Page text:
The healthcare delivery system in the U.S. is complicated and more expensive than in neighboring Canada and other countries. Some people go into debt or file for bankruptcy because of their inability to pay medical bills (Banegas et al., 2016). To provide people with affordable health services, the government of the U.S. developed programs for its citizens that ease the financial burden that results from high prices of healthcare interventions and pharmaceuticals. While both Medicare and Medicaid are a means of providing financial support to those who are incapable of paying their medical bills, they have foundational differences and should be visibly distinguished from each other.
tailored to your instructions
for only $13.00 $11.05/page
Medicare and Medicaid History and Target Populations
Since private health insurance does not address the challenges with access to treatment for many groups of the U.S. population, the government was forced to expand its participation in financing healthcare (Marmor, 2017). With these goals, in 1965, Medicare and Medicaid national health insurance programs were established (Marmor, 2017). Medicare is the U.S. national health insurance program for people 65 years of age or older. It was created to work with citizens of retirement age who want to overcome their health-related issues (Marmor, 2017). Some people under the age of 65, such as people with disabilities, individuals with persistent renal failure, or amyotrophic lateral sclerosis can also participate in the Medicare program (Marmor, 2017). Despite these limits in coverage, Medicare has a vital role in U.S. healthcare.
It is essential to know the boundaries of the program and how it is financed. The insurance helps pay for medical care, but it does not cover all expenses, and not all costs for long-term treatment are reimbursed (Marmor, 2017). The program relies on funds deducted from corporate income tax, progressive tax, and payroll tax (Marmor, 2017). As part of this initiative, hospitals receive up to half of their budgets from Medicare funds (Marmor, 2017). Most often, the program is used for some preventive services, to undergo inpatient treatment, or to be able to call a doctor at home for some therapeutic procedure (Marmor, 2017). It is also possible to have a diagnostic examination or spend a short time in a nursing home (Marmor, 2017). Unfortunately, the program does not cover lengthy hospitalizations and is not designed for disabled retirees who need pharmaceuticals or medical equipment.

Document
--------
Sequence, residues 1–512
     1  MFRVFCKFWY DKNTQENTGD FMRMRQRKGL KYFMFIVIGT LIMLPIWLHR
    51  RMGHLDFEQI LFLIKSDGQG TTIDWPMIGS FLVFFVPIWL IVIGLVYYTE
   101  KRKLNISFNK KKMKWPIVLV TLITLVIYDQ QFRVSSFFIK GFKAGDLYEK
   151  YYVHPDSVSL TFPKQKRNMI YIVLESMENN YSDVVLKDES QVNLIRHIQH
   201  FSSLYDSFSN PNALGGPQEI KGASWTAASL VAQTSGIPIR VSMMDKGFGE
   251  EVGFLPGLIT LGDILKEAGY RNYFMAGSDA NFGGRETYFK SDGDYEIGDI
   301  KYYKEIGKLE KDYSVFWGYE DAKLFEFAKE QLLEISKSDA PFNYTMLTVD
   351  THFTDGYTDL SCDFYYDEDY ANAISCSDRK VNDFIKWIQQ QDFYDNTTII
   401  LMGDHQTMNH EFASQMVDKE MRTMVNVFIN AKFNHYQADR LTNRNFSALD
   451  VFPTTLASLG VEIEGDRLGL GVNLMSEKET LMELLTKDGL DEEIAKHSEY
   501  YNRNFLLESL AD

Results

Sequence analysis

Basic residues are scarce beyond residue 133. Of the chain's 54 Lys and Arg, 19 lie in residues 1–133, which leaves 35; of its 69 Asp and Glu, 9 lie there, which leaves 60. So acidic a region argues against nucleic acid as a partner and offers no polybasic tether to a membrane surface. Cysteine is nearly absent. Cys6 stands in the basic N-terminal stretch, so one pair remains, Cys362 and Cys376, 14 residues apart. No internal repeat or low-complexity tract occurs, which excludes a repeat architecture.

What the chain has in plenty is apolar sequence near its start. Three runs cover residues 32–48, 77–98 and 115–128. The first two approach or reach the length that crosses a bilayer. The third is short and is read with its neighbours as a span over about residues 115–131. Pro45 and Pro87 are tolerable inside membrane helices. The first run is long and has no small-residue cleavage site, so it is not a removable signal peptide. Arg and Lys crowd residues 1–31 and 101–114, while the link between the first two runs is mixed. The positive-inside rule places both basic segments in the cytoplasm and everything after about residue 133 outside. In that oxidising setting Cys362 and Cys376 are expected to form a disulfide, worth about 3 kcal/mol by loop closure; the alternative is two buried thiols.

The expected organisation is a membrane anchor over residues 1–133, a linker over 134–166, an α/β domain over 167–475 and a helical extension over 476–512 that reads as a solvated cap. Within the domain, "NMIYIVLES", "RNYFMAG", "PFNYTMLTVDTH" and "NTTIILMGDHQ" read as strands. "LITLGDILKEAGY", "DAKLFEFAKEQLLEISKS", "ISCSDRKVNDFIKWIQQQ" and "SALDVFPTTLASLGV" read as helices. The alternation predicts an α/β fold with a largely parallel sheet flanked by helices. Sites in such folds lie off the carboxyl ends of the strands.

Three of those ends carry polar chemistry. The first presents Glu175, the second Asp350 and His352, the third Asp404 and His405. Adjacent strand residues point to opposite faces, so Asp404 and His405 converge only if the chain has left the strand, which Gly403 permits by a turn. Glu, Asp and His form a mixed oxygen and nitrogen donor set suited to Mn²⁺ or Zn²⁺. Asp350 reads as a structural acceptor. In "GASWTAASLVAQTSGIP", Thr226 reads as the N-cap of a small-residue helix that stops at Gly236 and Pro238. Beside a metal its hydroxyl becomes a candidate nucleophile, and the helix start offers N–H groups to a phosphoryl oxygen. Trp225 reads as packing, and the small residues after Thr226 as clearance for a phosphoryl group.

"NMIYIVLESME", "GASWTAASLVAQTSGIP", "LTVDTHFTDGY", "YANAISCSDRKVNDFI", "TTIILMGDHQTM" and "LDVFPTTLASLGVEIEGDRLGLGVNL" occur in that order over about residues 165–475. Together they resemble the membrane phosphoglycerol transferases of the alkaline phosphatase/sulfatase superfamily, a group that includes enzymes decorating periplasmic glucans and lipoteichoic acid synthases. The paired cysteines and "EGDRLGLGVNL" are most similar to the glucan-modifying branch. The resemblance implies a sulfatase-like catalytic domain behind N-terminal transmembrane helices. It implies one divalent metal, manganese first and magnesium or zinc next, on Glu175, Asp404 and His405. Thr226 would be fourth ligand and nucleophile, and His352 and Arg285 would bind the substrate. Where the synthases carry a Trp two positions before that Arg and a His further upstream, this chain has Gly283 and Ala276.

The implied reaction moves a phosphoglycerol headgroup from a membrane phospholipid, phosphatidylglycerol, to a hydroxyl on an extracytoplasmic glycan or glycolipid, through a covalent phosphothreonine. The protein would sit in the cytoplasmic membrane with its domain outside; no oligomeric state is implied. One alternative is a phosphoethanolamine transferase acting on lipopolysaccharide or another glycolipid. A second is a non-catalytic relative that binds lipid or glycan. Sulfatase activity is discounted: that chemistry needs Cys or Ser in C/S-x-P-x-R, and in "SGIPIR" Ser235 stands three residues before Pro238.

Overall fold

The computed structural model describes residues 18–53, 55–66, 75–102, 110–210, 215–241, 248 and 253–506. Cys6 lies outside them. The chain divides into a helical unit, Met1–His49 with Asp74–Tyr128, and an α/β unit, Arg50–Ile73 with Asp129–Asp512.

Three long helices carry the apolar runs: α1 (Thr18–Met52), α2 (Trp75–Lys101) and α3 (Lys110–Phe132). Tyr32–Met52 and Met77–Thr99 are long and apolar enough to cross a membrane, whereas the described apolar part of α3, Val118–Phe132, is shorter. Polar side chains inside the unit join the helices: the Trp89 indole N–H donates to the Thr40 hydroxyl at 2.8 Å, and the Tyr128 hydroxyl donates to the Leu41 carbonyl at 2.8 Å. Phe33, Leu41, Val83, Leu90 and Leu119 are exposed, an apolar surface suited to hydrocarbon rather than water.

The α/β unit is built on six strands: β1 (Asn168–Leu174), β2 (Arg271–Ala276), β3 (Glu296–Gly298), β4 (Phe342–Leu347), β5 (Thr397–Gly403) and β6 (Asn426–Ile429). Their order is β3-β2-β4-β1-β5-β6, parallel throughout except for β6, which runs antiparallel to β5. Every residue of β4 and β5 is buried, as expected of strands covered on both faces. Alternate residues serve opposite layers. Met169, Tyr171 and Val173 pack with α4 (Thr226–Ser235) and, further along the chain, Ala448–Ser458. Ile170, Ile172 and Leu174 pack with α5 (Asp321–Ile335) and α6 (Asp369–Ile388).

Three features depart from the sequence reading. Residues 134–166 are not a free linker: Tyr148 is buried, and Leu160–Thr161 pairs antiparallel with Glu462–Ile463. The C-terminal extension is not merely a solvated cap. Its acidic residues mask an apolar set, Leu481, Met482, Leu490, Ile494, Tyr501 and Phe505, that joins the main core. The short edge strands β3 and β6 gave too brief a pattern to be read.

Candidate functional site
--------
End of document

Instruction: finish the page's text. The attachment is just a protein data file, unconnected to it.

Medicaid is an American state medical care program for people in need of financial assistance. The program is implemented at the state level with the support of federal authorities. Medical assistance is provided to people with incomes below the official poverty line, but this characteristic is not the only criterion that is assessed. The program assists U.S. citizens and foreigners residing legally in the country. A significant part of the participants are children from low-income families or their families as a whole. The most substantial expenses are targeted at those who are in long-term care homes, as well as medical care for the disabled. While Americans fully support the Medicare program, since workers are charged income tax, and upon retirement, they receive the necessary assistance, Medicaid is effectively a charity program.